Some of the sprightly costumes and almost all of the scenery has changed since I saw “The Velveteen Rabbit” the first time many years ago, but when a star-studded cloud that is spiked to drop from above at bedtime appears, and Nana reaches up in a nanny-like routine gesture, plucking one of the stars out of the clouds and bringing it to earth for her sleepy charge, you feel your childhood toes all over again, as they curl into the carpet on Christmas Eve. Frost outside or not, that is exactly the right sense memory to take out of a theater south of Market Street in wintertime in San Francisco. Grab a kid or two, and go see it!
IP: Logged

Member# 1327

posted 09 December 2002 12:46 PM
Thanks for the great review, especially since I thought the performances were over, but thanks to you, I see I still have a chance to see this production.

Author:  Azlan [ Sun Nov 30, 2003 11:33 am ]
Post subject:  Re: ODC/SF's 'Velveteen Rabbit'

From 2003:

Choreographer brings 'Rabbit' to life onstage

Cassandra Braun
Contra Costa Times

KT NELSON may have stumbled upon the classic childhood tale of the Velveteen Rabbit 20 years late, but she could still appreciate its meaning. <a href= target=_blank>more</a>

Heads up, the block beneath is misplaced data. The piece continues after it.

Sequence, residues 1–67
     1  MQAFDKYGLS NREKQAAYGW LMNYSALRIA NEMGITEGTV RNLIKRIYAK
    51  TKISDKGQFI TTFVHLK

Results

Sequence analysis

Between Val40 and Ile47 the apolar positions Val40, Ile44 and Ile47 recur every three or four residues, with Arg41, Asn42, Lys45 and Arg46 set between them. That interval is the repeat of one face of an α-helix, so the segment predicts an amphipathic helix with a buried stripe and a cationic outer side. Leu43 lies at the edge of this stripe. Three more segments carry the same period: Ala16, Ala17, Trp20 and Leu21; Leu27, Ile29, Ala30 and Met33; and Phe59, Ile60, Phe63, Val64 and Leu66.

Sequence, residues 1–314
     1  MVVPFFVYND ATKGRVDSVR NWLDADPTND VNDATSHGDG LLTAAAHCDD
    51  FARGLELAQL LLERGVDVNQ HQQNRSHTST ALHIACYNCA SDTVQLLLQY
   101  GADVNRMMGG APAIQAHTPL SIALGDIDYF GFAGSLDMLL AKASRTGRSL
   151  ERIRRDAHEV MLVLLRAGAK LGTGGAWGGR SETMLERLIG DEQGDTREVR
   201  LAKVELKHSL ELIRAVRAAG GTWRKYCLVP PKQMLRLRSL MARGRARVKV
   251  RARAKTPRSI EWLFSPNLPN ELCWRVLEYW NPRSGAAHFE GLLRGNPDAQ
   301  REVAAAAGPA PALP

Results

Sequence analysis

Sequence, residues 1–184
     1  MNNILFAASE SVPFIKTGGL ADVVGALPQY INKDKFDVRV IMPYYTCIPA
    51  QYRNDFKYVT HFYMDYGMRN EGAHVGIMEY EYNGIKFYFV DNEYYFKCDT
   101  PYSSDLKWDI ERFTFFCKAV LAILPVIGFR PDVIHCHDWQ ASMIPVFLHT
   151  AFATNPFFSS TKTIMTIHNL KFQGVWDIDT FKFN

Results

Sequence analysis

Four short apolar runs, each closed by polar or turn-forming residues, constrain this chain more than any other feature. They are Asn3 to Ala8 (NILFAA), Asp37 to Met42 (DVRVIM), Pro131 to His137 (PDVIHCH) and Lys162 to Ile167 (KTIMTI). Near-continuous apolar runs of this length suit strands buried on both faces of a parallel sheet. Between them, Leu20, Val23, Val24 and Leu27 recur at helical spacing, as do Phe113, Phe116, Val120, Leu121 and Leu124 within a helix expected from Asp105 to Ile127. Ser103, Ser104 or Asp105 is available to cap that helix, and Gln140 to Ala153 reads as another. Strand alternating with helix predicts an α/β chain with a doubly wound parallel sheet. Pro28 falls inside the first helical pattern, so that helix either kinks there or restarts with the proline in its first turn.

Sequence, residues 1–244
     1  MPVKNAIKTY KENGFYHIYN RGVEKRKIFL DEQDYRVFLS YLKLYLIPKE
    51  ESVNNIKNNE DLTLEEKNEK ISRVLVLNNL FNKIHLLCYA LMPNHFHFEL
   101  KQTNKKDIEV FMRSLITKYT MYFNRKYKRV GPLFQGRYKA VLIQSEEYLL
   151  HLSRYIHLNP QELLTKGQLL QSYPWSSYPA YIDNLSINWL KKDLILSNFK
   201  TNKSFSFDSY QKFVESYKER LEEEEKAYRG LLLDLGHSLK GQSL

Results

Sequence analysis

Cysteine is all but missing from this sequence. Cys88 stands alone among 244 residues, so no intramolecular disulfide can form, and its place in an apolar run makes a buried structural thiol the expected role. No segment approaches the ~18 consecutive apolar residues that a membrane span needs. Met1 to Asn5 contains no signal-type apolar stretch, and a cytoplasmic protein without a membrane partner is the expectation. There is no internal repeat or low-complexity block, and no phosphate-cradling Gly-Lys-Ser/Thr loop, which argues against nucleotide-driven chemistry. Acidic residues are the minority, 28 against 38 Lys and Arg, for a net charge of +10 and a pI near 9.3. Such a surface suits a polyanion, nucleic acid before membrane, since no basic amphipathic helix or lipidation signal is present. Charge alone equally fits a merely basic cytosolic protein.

Author:  kurinuku [ Sat Dec 06, 2003 10:30 am ]
Post subject:  Re: ODC/SF's 'Velveteen Rabbit'

Ballets' non-`Nutcracker' holiday hits

The San Jose Mercury News

The ``Nutcracker'' isn't the only cash cow for dance companies. Two dance groups in San Francisco have developed alternative holiday shows that help keep them going for the rest of the season.

Take ODC/San Francisco's ``The Velveteen Rabbit,'' the story of a little boy and his love for a stuffed animal. ``It's our cash rodent,'' says Lori Laqua, ODC's general manager.

Now in its 17th year, the show earns ODC from 20 to 25 percent of its budget, which Laqua says is $1.9 million this year.

Author:  LMCtech [ Fri Dec 12, 2003 6:30 pm ]
Post subject:  Re: ODC/SF's 'Velveteen Rabbit'

December 6, 2003
ODC San Francisco
The Velveteen Rabbit
Yerba Buena Center for the Arts